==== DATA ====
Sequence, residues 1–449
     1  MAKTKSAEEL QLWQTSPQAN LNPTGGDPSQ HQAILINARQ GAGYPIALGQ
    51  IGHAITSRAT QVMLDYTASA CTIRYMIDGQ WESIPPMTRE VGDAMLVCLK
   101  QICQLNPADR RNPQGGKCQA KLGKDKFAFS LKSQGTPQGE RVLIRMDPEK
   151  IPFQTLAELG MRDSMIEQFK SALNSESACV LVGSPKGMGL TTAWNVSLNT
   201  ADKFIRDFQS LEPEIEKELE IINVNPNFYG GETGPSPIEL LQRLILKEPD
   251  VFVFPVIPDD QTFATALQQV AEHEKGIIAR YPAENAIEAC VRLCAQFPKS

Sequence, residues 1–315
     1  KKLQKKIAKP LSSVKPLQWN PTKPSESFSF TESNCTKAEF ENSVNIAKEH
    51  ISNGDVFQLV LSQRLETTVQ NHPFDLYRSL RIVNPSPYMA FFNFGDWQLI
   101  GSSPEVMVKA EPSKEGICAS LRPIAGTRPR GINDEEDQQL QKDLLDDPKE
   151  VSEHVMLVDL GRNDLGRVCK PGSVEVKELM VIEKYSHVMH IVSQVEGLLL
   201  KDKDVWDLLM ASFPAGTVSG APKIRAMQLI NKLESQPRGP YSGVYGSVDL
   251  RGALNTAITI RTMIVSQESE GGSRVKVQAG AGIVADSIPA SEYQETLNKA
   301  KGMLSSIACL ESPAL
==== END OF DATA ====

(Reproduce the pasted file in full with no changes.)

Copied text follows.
Sequence, residues 1–449
     1  MAKTKSAEEL QLWQTSPQAN LNPTGGDPSQ HQAILINARQ GAGYPIALGQ
    51  IGHAITSRAT QVMLDYTASA CTIRYMIDGQ WESIPPMTRE VGDAMLVCLK
   101  QICQLNPADR RNPQGGKCQA KLGKDKFAFS LKSQGTPQGE RVLIRMDPEK
   151  IPFQTLAELG MRDSMIEQFK SALNSESACV LVGSPKGMGL TTAWNVSLNT
   201  ADKFIRDFQS LEPEIEKELE IINVNPNFYG GETGPSPIEL LQRLILKEPD
   251  VFVFPVIPDD QTFATALQQV AEHEKGIIAR YPAENAIEAC VRLCAQFPKS

Sequence, residues 1–315
     1  KKLQKKIAKP LSSVKPLQWN PTKPSESFSF TESNCTKAEF ENSVNIAKEH
    51  ISNGDVFQLV LSQRLETTVQ NHPFDLYRSL RIVNPSPYMA FFNFGDWQLI
   101  GSSPEVMVKA EPSKEGICAS LRPIAGTRPR GINDEEDQQL QKDLLDDPKE
   151  VSEHVMLVDL GRNDLGRVCK PGSVEVKELM VIEKYSHVMH IVSQVEGLLL
   201  KDKDVWDLLM ASFPAGTVSG APKIRAMQLI NKLESQPRGP YSGVYGSVDL
   251  RGALNTAITI RTMIVSQESE GGSRVKVQAG AGIVADSIPA SEYQETLNKA
   301  KGMLSSIACL ESPAL